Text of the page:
Nichols wrote the stories as part of her dissertation for a PhD in English from the University of Utah. Two of the stories were controversial enough that Nichols lost her position as a creative writing instructor at Brigham Young University. I speculated, briefly, about which stories could have brought about Nichols’s dismissal from BYU—was it the lesbian teaching Primary or the woman calling on Heavenly Mother to bless a nearly-drowned child? The reference to abortifacient herbs? Or the faith healing without the official exercise of the priesthood? Ultimately, it doesn’t matter. Each one touches, to some degree, on the fringy edges of Mormonism, and while the stories are ction and easy to dismiss in an academic way, the existence of actual people on those fringes is a far different matter to consider. In their first iterations, she says, they were unrelated, but many explored “the difficulties of being an educated, unorthodox woman in Utah Mormon culture.”2
Unorthodox doesn’t adequately convey the breadth of Mormon experience portrayed in Pigs When They Straddle the Air
: faithful, practicing LDS Adela; earthy, mystical, lesbian Riva and her partner, Nina; Riva’s daughter, Katie, caught between her traditional LDS father and decidedly non-traditional mother; Riva’s sister-in-law, Suzanne, conservative but curious; Annie, a poet and faith healer, unofficially adopted by Riva and Nina as a child; rigidly polygamous Jean and Peggy, and Peggy’s young daughter Leeny; and even Riva’s grandmother-in-law, portrayed only through her journals. Nichols approaches the lives and choices of each woman with the eye of an omniscient but benevolent observer, completely devoid of judgment or aspersion. Individual devotion is, Nichols asserts, exactly that: shaped individually by unique combinations of cultural bias and life experience.
While Nichols’s clear-headed and even-handed approach to her portrayals of Mormon life may provide interesting fodder for book club discussions, it doesn’t actually serve the characters that well. They are known to the reader, but developed deeply only in narrow trenches, with crystalline, efficiently emotive prose, while the more pedestrian aspects of their lives—the very details that might cause a character to imprint more memorably on the reader—are ignored in favor of the more sensational characteristics that make them different. I find this interesting in and of itself: Nichols’s purpose seems to be to demonstrate the Venn diagram overlap among all of these different Mormon lives, but the only parts she really uncovers are the isolating ones.
Because of this lack of full character development, the character list at the beginning of the book is absolutely essential to keeping all of the relationships straight. I found myself drawing family trees with connection lines across generations, trying to cement those relationships in my mind; and what is either a math error or a typo became the subject of a minor obsession as I struggled to reconcile the age difference between two characters.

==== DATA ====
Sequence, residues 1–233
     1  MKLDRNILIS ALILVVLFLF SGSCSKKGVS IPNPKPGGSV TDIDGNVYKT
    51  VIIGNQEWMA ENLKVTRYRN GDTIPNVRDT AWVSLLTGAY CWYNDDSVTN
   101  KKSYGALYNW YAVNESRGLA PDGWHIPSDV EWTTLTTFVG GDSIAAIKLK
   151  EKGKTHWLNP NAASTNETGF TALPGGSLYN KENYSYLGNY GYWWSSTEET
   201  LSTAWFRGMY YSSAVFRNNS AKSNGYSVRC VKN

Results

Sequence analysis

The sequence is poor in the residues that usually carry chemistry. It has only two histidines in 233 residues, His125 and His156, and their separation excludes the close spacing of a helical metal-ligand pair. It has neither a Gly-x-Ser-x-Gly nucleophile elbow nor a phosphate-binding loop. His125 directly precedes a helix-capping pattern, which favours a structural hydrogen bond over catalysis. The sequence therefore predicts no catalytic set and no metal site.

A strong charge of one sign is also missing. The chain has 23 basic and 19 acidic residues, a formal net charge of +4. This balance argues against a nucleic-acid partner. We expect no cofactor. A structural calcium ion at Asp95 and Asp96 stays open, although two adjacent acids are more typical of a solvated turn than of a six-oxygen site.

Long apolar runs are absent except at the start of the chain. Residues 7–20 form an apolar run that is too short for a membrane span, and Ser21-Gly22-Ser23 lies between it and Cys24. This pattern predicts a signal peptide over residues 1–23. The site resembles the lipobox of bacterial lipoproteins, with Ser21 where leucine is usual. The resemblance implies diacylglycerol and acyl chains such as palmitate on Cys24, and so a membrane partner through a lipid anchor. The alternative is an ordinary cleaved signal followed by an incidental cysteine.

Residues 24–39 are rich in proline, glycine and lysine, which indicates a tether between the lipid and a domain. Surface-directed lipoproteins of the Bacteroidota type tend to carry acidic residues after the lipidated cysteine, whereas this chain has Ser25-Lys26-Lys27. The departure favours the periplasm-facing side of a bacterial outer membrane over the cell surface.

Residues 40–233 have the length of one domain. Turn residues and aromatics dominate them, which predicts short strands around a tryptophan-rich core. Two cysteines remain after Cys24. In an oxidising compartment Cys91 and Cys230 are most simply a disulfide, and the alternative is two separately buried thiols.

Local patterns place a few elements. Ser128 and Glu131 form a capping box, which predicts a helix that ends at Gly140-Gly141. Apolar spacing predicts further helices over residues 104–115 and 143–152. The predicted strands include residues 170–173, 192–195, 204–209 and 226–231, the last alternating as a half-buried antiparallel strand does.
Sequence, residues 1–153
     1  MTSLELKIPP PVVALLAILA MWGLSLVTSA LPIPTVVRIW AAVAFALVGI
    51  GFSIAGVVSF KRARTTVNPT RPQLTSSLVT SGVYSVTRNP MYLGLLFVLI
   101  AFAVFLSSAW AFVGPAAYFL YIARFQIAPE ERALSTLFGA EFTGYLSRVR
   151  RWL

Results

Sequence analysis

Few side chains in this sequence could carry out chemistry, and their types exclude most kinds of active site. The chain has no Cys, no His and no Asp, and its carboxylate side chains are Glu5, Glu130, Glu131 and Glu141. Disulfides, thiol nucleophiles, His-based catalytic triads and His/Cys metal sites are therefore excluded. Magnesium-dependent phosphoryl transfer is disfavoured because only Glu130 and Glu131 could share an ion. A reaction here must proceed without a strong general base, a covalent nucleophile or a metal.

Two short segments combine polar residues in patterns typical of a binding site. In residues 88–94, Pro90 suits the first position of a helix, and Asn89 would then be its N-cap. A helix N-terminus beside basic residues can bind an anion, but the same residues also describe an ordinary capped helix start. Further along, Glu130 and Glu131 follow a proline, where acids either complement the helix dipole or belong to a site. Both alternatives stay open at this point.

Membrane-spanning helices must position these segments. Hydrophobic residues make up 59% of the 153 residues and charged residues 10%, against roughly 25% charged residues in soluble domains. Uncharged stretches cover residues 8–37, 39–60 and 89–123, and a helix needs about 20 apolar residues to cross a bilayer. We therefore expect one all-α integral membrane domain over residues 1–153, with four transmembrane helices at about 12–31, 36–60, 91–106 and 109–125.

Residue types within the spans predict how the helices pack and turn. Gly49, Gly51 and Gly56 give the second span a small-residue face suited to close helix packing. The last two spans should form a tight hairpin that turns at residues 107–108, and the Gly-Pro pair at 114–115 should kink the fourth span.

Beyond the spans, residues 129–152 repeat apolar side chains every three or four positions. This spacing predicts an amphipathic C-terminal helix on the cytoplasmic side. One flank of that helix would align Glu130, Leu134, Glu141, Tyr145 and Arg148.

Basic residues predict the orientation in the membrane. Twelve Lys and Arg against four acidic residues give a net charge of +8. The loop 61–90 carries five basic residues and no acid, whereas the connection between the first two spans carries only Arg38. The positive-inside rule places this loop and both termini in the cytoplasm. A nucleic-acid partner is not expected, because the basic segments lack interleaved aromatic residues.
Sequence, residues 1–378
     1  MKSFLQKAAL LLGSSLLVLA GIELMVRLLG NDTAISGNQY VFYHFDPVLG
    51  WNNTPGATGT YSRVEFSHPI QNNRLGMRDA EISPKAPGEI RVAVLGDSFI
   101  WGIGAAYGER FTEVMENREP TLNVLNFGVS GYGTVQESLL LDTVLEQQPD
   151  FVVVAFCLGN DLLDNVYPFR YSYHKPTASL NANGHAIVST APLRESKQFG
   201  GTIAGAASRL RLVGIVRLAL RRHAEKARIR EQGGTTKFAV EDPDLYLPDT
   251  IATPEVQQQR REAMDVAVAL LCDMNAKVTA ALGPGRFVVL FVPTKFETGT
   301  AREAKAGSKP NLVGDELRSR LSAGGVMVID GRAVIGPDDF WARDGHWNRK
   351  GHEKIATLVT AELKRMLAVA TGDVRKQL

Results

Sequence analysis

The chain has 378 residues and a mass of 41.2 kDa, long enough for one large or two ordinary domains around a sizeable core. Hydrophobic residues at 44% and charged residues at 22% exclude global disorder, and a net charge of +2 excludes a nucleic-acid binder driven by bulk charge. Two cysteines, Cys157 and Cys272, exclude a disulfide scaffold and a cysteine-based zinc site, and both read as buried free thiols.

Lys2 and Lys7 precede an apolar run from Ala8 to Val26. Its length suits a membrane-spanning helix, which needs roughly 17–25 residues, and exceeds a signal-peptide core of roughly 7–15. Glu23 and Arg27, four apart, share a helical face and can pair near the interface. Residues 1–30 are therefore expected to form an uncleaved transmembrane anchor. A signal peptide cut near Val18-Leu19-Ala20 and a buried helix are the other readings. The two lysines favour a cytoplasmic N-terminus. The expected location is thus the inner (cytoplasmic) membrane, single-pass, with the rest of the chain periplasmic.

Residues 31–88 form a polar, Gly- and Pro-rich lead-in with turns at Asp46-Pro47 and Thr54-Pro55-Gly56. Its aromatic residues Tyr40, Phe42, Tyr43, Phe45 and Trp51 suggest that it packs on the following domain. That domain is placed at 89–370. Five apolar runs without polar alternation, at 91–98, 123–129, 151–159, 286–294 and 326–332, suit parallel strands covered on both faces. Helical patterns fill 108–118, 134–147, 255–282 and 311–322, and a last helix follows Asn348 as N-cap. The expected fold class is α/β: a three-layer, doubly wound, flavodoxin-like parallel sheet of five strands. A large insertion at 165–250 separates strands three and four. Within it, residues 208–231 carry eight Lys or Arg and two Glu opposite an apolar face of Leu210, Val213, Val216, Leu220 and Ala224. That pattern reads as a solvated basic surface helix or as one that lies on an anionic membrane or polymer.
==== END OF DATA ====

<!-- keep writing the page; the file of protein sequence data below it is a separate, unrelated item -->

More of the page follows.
At its heart, though, Pigs When They Straddle the Air is about ideas, and the characters are more like archetypes of unorthodoxy who exist to serve a philosophical end. All people are connected, and the connections are strong but mysterious to both reader and characters. Nichols also wants readers to think about the big questions, some of which cannot be answered: Is there room in the Mormon community for a broader definition of devotion? Can we embrace those who doubt with love rather than judgment? Does an acknowledgment of Heavenly Mother undermine the priesthood or strengthen it? Is Mormonism, at its root, any less mystical than other religious traditions?
Nichols deftly draws threads of connection between the traditional, conservative Mormon community and the souls who inhabit the gray area around the edges. Her characters, like the Gadarene pigs alluded to in the title, who received devils cast out of a madman by Jesus, straddle the air in that weightless space between choice and consequence, doubt and devotion, tradition and change. Faithful people straddle worlds and traditions and question their own motives and purposes every day. As Nichols herself said in her profile on Mormon Scholars Testify, “Questioning does not have to lead to divorce or mayhem.”3 Clearly, for Nichols, compassion and understanding are essential elements of faith, especially when helping others to define theirs. Pigs When They Straddle the Air may not hold the answers, but it does, at least, ask the questions.